Skip to main content

March 2014: Proverbs 3 by Doug

Proverbs 3:3 is one you would do well to read in multiple translations. Let’s look at why by comparing the opening line in the verse. No matter what you look at, you find an imperative here. Do not let (or allow) two characteristics to get away from you. What are they?

First, the NASB, which is my starting point: kindness and truth. Not bad. Let’s look further at the ESV: steadfast love and faithfulness. That’s a little different, true? How about NLT’s loyalty and kindness? Given that that the NLT isn’t a word-order stickler, it’s possible that they’ve just shifted NASB’s kindness to the second position, or they’ve translated both words differently.

The NIV uses love and faithfulness, and the KJV uses mercy and truth. If you use the HCSB, you’ll find loyalty and faithfulness. For my nerdfolk, the Latin uses misericordia et veritas, (generally mercy and truth) and the Greek elehmosunai and pisteis (pity/mercy and faith/trustworthiness).

You might be seeing the problem here, but I’ll spell it out. The Hebrew words underlying the translations address virtues, but the terms do not come clearly through into English. This is not uncommon—after all, we bind up many concepts in the same word (unless you love a sports team, a food, your spouse, and God in the same manner) as well. Let’s peel this back a touch:

The Hebrew words underneath the couplet are transliterated (made into English letter combos) as chesed (”c” optional) and emet. To see what Solomon is commending and commanding, we should look at these.

First is chesed (some leave off the c, but I first learned it with the c): This is a word that typically refers to loyalty among family when referring to human relationships. It is used of the relationship between Jacob and Joseph at Jacob’s death. It’s not just an obligatory loyalty, but one built on relationship.

Chesed is also used of the relationship of God to His people in the Old Testament. It’s word about more than feeling devoid of action, and more than action devoid of feeling.

Not allowing chesed to to leave you is to not forsake your committed love and loyalty for the people in your life. This is about standing firm in your relationships, about honoring your commitments. There is also a hinting here not to push it out of the people around you: you can drain by abuse the loving loyalty of the people around you. You can drive them to not have it for others. That’s sinful—and unwise to boot.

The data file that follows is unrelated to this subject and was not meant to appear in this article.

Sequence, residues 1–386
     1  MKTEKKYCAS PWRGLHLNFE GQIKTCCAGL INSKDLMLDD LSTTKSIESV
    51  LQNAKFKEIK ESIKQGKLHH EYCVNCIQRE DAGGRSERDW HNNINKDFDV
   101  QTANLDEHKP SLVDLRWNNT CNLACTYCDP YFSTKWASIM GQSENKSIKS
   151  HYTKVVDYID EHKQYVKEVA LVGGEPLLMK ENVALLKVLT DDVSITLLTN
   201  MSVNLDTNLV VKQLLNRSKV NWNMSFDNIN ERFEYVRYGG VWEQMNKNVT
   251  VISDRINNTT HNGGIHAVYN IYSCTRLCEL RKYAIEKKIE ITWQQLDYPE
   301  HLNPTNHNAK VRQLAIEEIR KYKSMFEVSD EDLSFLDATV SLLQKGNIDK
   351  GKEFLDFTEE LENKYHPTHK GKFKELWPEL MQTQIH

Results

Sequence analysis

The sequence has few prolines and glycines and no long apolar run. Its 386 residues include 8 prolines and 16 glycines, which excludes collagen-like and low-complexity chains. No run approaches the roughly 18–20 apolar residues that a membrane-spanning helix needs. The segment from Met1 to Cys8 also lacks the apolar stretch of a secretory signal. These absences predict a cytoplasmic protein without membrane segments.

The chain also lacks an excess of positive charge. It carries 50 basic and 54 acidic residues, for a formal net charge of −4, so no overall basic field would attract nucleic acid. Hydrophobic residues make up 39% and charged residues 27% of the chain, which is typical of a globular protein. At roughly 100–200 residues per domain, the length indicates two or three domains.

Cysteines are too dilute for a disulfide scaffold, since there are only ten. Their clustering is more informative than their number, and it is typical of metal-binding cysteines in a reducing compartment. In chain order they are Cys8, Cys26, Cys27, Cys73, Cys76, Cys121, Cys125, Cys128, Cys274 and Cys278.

Then there’s emet. Emet is about trustworthiness, faithfulness. The main Hebrew Lexicon (HALOT) on my Logos suggests that constancy is also at work here. Emet is reliability put to work. There is less emotion bound up in the idea (generally), but it’s the stability here to follow through when the emotions go floppy.

Emet may not stir your heart, but it keeps you where you belong until your heart stirs again. I am seeing this as a good pairing: there are times we feel like doing what we should, and times we don’t. Chesed and emet (there’s a vav there to connect the two instead “and.” Sue me, Hebrew scholars) keep us on track no matter how we feel.

And emet remains a value that we celebrate today. That constancy, that willingness to keep going even if things are not as awesome as we would like. How do I know? The hero of the hit film, The Lego Movie?

His name’s Emmet.


Popular posts from this blog

Book: By the Waters of Babylon

Worship. It is what the church does as we strive to honor God with our lips and our lives. And then, many churches argue about worship. I have about a half-dozen books on my shelf about worship, but adding Scott Aniol’s By the Waters of Babylon to the shelf has been excellent.

First of all, Aniol’s work is not based on solving a musical debate. While that branch of worship is often the most troublesome in the local church, By the Waters of Babylon takes a broader view. The starting point is the place of the church. That place is a parallel of Psalm 137, where the people of God, Israel, found themselves in a strange land. The people of God, again, find themselves in a strange land.
Second, in summary, the book works logically to the text of Scripture, primarily Psalm 137 but well-filled with other passages. Then it works outward from how the text addresses the problems submitted in the first chapter into how worship, specifically corporate worship, should look in the 21st century Weste…

Book Review: The Heart Mender by @andyandrews (Andy Andrews)

The Heart Mender: A Story of Second ChancesEver read a book that you just kind of wish is true?  That's my take on The Heart Mender by Andy Andrews.  It's a charming story of love and forgiveness, and it's woven into the historical setting of World War II America.  For the narrative alone, the book is worth the read, but the message it contains is well worth absorbing as well.However, let's drop back a minute.  This book was originally published under the title Island of Saints.  I read Island of Saints and enjoyed it greatly.  Now, Andrews has released it under a new title, with a few minor changes.  All of this is explained in the Author's Note at the beginning, but should be noted for purchaser's sake.  If you read Island of Saints, you're rereading when you read The Heart Mender.  Now, go ahead and reread it.  It will not hurt you one bit.Overall, the story is well-paced.  There are points where I'd like more detail, both in the history and the geog…

Sermon Recap for October 14

Here is what you'll find: there is an audio player with the sermon audios built-in to it, just click to find the one you want. You'll also find the embedded Youtube videos of each sermon.If you'd like, you can subscribe to the audio feed here: for iTunes users. Other audio feeds go here: video is linked on my personal Youtube Page here: are stockpiled here:!